By Ruth Storey
Our son, Adam, is a student at Grantham Village School. He is a triplet who spent the first two weeks of his life in an intensive care nursery. He passed his newborn hearing screening and we thought no more about it during his time as an infant — although, in hindsight, he was noticeably able to sleep through more disruption than his triplet brothers and was the quietest baby of the three. He tended to become tired easily, lying down to play, and snored loudly when asleep.
At about 18 months of age, Adam’s speech was significantly delayed. His pediatrician referred him for a hearing test with an audiologist to see if his lack of speech was related to any hearing issues. The hearing test showed a moderate to severe unilateral sensorineural hearing loss in his left ear.
Making it Fun
Adam has regular hearing tests and was fitted for a hearing aid at age 2. As he grows, he sometimes needs a larger ear mold and loves getting to choose what color his latest ear mold will be. Green is his favorite color so, when he was little, we called his hearing aid his “Green Ear” and explained that it helped to “super-power” his hearing.
It has always been fun for him to go into the hearing test booth and play hearing games with his audiologists. We try to make it a fun trip by taking time after the appointment to go and pick out a special snack or drink to enjoy together afterward. Overall, it has been a positive experience for him and his brothers are sometimes jealous that they don’t get a cool-looking piece of technology to make their hearing super-powered!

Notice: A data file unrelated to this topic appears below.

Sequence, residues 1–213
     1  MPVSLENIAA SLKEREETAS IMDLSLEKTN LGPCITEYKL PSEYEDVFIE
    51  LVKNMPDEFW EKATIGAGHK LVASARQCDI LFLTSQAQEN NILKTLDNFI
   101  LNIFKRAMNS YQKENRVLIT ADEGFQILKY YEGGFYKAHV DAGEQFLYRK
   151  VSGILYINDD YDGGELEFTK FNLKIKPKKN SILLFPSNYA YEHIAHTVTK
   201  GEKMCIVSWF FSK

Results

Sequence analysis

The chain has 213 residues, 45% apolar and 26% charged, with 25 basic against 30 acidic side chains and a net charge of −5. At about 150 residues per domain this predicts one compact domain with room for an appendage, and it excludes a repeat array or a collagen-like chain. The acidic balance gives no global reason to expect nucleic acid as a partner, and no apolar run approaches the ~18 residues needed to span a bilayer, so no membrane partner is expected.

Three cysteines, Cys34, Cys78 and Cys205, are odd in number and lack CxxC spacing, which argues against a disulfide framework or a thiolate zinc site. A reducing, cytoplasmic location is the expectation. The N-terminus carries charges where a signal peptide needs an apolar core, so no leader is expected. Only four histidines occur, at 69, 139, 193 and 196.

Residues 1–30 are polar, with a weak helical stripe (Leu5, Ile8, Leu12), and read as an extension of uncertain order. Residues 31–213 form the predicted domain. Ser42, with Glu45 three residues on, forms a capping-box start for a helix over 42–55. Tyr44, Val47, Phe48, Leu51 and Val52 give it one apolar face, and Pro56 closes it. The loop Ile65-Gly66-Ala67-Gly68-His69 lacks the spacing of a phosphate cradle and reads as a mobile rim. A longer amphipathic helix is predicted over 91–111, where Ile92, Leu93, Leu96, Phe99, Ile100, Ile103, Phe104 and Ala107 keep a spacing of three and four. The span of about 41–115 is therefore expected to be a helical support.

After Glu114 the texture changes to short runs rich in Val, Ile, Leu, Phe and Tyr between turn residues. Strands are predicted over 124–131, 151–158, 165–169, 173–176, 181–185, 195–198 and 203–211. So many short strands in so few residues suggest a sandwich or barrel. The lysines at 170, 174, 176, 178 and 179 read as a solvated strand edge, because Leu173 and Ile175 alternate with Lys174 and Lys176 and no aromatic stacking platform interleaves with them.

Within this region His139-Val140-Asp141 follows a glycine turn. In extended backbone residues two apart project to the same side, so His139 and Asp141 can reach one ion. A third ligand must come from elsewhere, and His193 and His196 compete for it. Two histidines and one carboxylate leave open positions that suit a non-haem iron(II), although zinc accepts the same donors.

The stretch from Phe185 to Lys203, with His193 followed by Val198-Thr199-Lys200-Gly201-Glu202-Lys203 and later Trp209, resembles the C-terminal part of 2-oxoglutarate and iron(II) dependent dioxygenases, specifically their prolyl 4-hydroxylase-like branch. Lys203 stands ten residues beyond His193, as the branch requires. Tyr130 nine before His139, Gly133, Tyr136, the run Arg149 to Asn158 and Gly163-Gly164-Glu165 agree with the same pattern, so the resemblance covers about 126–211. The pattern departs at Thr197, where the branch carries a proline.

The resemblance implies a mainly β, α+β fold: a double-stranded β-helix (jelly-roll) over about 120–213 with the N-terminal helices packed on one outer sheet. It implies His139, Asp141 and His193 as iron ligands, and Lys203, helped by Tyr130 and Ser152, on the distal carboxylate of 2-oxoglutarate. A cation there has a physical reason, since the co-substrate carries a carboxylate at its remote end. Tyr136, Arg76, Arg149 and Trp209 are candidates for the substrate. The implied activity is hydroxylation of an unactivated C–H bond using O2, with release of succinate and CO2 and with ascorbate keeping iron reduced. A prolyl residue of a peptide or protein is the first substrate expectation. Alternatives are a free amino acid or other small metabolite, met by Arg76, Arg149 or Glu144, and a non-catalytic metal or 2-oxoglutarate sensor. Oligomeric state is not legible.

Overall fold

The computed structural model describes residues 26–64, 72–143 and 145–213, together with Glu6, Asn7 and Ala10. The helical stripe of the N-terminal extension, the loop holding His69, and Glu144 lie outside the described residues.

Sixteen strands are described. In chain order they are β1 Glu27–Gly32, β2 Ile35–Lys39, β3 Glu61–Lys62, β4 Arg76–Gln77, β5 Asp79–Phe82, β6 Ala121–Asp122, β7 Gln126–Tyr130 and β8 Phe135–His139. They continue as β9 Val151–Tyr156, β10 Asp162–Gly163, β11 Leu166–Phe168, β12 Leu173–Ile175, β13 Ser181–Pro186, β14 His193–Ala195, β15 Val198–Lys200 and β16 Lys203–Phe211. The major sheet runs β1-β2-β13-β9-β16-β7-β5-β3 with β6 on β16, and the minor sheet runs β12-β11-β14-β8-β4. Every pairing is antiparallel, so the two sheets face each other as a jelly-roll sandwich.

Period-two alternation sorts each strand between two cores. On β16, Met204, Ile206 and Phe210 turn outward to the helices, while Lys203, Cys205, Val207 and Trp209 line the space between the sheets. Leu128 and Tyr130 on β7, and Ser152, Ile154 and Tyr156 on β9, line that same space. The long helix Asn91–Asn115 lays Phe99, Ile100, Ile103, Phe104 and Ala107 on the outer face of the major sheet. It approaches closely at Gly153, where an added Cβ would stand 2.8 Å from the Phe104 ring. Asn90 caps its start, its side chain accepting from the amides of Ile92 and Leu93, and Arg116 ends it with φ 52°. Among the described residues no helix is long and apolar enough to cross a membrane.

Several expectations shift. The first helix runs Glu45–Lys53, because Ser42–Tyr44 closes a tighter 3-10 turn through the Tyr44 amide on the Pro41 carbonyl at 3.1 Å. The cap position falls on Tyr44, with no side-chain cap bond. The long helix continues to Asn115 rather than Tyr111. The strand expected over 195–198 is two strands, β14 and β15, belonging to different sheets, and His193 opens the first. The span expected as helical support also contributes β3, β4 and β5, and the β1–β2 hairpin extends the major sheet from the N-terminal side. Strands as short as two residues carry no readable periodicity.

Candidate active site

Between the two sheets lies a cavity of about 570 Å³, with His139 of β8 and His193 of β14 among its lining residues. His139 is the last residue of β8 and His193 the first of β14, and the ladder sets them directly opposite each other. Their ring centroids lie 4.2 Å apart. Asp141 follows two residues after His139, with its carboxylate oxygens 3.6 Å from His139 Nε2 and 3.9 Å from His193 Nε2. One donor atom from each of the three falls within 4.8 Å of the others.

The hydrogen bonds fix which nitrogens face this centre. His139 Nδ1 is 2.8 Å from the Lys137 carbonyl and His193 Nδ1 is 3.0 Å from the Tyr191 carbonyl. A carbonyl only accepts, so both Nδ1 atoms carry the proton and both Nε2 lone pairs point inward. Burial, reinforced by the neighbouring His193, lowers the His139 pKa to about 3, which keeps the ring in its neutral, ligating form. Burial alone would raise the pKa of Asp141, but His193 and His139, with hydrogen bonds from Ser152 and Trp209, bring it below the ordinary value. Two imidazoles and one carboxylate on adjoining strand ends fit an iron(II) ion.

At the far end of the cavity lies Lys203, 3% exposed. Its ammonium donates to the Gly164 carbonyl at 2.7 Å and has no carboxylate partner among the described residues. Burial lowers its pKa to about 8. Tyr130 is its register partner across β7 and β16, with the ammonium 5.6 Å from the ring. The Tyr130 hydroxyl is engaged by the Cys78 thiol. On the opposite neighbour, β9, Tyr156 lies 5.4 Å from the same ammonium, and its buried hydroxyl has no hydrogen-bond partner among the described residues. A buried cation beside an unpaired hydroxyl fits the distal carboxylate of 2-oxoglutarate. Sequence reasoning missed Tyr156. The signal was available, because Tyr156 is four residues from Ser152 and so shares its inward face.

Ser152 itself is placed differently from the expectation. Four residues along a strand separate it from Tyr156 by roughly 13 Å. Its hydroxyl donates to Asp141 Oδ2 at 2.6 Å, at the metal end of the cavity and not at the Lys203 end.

In reality, of course, the hearing aid does not “fix” Adam’s hearing; it simply helps to amplify certain frequencies of sound that he has difficulty hearing. Many people assume that hearing aids are all that is required to normalize a person’s hearing, but that is far from true. A person wearing a hearing aid does benefit from hearing sounds with more clarity, but that is offset by the difficulty in filtering out background noise that is also amplified by the hearing aid, such as the whirring of air conditioners, the hum of the refrigerator, the washing machine churning.
He is challenged to keep up in social conversation with other kids, especially in the school cafeteria, where he is surrounded by speech that is fast-moving and loud. In that situation, he often chooses to switch off his hearing aid so that he doesn’t have to work as hard at following what his friends are saying.
Adam has been very fortunate to have a school where most staff members are thoughtful about his needs regarding his hearing loss. He uses an FM system, which connects to his hearing aid and allows the teacher’s verbal instruction to be heard clearly, despite the classroom background noise.
The FM system is used by teachers in unified arts instruction, which is especially helpful for noisier subjects such as music and P.E., and he receives other accommodations such as seating closer to the front of the classroom and careful instruction to make sure he understands what is requested.
Something So Small
The source of Adam’s hearing loss was always a bit of a mystery until last September when he underwent a short procedure to have his remaining ear tube removed. A CT scan at that time showed that he has a condition called enlarged vestibular aqueduct, which is an enlargement of an extremely tiny structural part of the hearing system deep inside the inner ear.
This is not something that will improve or can be fixed and he has to avoid situations that could result in a strong blow to the head, such as boxing or football but, otherwise, knowing about it does not change things for Adam. Our main priority will be to ensure that his hearing is checked on a regular basis in case it should start to deteriorate further. For the last several years, it has been stable and we hope it will stay that way.
Ruth Storey lives in Grantham, N.H.